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Antimicrobial activity of trypsin and pepsin hydrolysates derived from acid-precipitated bovine casein

by 1978- Burris, Kellie Parks

Abstract (Summary)
Foodborne pathogens are a major concern to the food industry and consumers but they may be controlled with antimicrobials. Naturally occurring antimicrobials may be isolated from a variety of plant, animal and microbial sources. Previous studies have demonstrated that peptides isolated from enzyme hydrolyzed milk proteins may have in vivo and in vitro antimicrobial activity. Such compounds could be of use as inhibitors of foodborne pathogens. The objectives of this study were to determine the antimicrobial effectiveness against Salmonella Typhimurium and Listeria monocytogenes of digests of bovine acid-precipitated casein with the enzymes pepsin and trypsin and to determine if these peptides were effective in combination with ethylendiaminetetraacetic acid (EDTA) and sodium lactate against these foodborne pathogens. Whole casein was precipitated from fresh, unpasteurized skimmed cow’s milk by addition of 2 N HCl. Precipitated casein was separated by centrifugation, washed and lyophilized. Rehydrated casein was hydrolyzed with either pepsin or trypsin and the reaction mixture was heated to inactivate each enzyme. For method 1, solutions with hydrolyzed protein were dialyzed against water and freeze-dried. For method 2, 5.0% casein was dissolved in buffer and treated similarly to method 1, however the peptides that were created from enzymatic hydrolysis were separated by centrifugation after inactivation of the enzymes by heat and were not dialyzed against water. For both methods, iii hydrolysates created were adjusted to pH 7 and filter sterilized through a 0.45 µm membrane filter The inhibitory effect of filtered pepsin and trypsin hydrolysates (0.5% and 1.0%) (method 1) and filtered supernate (pepsin and trypsin) (method 2) alone and in combination with EDTA and sodium lactate against four strains each of L. monocytogenes and S. Typhimurium DT104 was determined. Growth was monitored over 24 hours using a microbroth dilution assay for all hydrolysates. Growth curves were used to relate microtiter data to actual colony counts. For method 1, pepsin hydrolysates were not very effective in inhibiting the growth of any of the four strains of S. Typhimurium or L. monocytogenes while trypsin hydrolysates were only slightly effective at extending the lag phase and/or reducing the final growth level of all four strains of L. monocytogenes. This ineffectiveness was most likely due to the loss of small molecular weight peptides during the dialysis step. The addition of EDTA had little effect in enhancing the inhibitory effect of pepsin or trypsin hydrolysates against either microorganism. For method 2, trypsin hydrolysates were effective in extending the lag phase and/or reducing the final growth level of all four strains of L. monocytogenes tested; however, they were not effective against any of the strains of S. Typhimurium. Pepsin hydrolysate was not effective in extending the lag phase or reducing the final growth level in S. Typhimurium. However, pepsin did reduce the final growth level of one strain of L. monocytogenes, 101. Trypsin and pepsin hydrolysates derived from bovine milk in combination with EDTA and sodium lactate had antimicrobial activity against both L. monocytogenes and S. iv Typhimurium in tryptic soy broth (TSB). Trypsin hydrolysates also enhanced the antimicrobial activity of sodium lactate against Listeria monocytogenes. The protein concentrations of pepsin and trypsin hydrolysates (before and after membrane filtration) prepared using method 2 was determined with three different protein assays, Bradford dye-binding, modified Lowry and UV 280 nm. For all three methods, non-filtered hydrolysates were higher in protein concentration than those that were filtered. Using the Bradford method, pepsin hydrolysates were higher in protein concentration than trypsin hydrolysates in both filtered and non-filtered samples. The opposite results were observed when using both modified Lowry method and UV 280 nm method to determine protein concentration. By examining the location of the peptide bond hydrolysis of the enzymes, it was possible to determine that small molecular weight peptides were created by the addition of trypsin and pepsin to bovine casein. Variation in number of amino acids as well as types of amino acids of peptides created during hydrolysis likely influenced the antimicrobial effectiveness of each hydrolysate. Casein-derived peptides could provide an alternative or adjunct to antimicrobials currently used in foods. It is suggested that antimicrobial peptides can be created by enzymatic hydrolysis of casein with trypsin and these peptides have the potential to serve as antimicrobials in food systems. Further research needs to be conducted in enhancing the activity by concentrating the hydrolysates or isolating and characterizing those peptides with the greatest antimicrobial potential. v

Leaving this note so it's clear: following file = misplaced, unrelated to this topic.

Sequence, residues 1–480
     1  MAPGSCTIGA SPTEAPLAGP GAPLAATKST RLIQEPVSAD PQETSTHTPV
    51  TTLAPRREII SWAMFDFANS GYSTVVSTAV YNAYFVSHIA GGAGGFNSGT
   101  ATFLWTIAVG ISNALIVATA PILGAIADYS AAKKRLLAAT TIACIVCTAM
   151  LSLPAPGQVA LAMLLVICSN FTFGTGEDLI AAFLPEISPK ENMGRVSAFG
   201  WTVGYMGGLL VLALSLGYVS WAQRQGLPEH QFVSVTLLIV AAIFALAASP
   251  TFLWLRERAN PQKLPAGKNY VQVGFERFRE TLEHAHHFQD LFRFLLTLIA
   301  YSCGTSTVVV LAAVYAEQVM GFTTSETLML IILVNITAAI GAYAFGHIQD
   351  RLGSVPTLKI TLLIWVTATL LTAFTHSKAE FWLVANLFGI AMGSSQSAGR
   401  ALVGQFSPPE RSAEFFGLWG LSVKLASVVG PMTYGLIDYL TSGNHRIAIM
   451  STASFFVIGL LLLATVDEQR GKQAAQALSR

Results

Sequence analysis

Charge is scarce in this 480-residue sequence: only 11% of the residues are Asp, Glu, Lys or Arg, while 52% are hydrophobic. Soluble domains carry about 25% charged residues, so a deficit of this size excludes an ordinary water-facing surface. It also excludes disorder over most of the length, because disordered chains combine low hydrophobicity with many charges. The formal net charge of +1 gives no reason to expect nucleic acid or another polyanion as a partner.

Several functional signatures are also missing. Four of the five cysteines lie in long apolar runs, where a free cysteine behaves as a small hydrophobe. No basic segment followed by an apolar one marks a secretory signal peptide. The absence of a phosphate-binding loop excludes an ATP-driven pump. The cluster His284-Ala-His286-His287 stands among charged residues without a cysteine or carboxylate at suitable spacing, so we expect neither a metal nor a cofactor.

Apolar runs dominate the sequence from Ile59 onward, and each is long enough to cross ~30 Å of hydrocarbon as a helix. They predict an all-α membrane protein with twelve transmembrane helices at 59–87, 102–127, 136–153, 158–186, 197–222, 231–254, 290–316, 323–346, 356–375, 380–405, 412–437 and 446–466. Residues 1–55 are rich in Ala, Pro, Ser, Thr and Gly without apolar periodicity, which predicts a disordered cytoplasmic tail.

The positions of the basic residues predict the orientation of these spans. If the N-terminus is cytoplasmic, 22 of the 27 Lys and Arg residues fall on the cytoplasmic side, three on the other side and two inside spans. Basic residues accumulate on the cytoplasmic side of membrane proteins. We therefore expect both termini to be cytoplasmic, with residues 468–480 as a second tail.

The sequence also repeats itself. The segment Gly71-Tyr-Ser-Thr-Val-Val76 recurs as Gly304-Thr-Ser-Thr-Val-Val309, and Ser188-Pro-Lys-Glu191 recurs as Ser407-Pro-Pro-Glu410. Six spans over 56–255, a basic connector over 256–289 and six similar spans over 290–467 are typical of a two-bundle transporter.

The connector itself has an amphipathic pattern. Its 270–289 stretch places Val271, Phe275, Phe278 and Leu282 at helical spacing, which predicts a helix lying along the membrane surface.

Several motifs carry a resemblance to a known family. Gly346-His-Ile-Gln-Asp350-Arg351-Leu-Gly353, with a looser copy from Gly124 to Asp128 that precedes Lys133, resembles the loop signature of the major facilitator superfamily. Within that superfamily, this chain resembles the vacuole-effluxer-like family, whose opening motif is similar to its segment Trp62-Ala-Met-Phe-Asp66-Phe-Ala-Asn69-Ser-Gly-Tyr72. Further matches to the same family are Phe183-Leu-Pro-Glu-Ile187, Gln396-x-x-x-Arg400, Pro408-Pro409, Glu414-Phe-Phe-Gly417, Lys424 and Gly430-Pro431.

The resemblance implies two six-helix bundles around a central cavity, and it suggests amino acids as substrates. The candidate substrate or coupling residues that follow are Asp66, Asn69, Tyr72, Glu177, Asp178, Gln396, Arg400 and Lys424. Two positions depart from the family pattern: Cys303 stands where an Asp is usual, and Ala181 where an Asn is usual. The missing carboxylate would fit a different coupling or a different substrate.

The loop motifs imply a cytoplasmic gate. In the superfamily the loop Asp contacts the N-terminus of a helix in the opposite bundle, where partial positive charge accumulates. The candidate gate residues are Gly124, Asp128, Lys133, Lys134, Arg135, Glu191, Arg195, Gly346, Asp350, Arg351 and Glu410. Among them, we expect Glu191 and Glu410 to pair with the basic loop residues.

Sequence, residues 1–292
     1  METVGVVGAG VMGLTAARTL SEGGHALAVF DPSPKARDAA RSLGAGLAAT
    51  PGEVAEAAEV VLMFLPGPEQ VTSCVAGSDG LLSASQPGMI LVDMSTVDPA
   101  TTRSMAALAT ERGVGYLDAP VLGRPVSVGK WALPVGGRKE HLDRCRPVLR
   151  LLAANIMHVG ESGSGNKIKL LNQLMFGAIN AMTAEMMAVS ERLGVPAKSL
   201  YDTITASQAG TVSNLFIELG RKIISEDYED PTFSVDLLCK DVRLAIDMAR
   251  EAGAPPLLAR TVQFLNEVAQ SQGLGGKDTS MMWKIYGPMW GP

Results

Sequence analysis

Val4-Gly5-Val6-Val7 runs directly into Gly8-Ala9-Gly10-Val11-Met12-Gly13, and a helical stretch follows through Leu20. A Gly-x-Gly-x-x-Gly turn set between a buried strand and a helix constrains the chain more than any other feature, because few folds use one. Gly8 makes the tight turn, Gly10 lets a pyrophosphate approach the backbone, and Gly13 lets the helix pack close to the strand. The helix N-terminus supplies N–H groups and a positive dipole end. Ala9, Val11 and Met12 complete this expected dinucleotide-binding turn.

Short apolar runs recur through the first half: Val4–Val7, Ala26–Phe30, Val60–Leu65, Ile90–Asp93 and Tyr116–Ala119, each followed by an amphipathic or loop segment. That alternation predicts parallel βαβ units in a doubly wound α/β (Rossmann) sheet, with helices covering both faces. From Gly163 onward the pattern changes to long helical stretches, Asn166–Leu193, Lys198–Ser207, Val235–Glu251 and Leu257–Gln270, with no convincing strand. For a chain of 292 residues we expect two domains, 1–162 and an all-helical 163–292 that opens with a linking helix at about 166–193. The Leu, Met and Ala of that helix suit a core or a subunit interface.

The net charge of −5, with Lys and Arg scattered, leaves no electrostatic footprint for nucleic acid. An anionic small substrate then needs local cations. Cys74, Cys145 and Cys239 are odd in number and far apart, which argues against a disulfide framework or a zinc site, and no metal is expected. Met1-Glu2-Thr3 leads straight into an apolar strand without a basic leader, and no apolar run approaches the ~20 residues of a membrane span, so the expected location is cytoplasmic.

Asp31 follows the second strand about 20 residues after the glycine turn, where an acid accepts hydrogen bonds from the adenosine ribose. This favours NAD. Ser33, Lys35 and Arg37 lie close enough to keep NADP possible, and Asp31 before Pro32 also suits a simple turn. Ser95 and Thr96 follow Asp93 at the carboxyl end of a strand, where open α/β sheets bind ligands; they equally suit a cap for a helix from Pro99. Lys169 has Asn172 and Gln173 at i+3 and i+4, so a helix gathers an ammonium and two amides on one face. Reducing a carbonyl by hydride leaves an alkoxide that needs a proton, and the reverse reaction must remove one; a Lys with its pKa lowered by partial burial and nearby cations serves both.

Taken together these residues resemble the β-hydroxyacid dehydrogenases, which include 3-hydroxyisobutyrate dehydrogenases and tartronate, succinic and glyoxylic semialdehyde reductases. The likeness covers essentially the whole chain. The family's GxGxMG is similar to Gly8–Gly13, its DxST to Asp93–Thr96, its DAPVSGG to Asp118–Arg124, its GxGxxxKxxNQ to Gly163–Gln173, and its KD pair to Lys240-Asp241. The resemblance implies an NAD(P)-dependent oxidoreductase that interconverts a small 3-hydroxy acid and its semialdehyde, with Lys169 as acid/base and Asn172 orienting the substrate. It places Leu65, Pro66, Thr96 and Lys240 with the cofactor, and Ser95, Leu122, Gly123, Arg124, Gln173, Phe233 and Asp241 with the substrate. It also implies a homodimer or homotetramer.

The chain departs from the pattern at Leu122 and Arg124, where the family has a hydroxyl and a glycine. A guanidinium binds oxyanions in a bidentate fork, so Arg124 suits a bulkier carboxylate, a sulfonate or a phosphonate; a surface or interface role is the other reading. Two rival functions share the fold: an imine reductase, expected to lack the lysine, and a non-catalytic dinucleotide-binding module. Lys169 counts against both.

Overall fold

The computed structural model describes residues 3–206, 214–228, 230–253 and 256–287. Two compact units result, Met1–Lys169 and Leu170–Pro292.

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School:The University of Tennessee at Chattanooga

School Location:USA - Tennessee

Source Type:Master's Thesis

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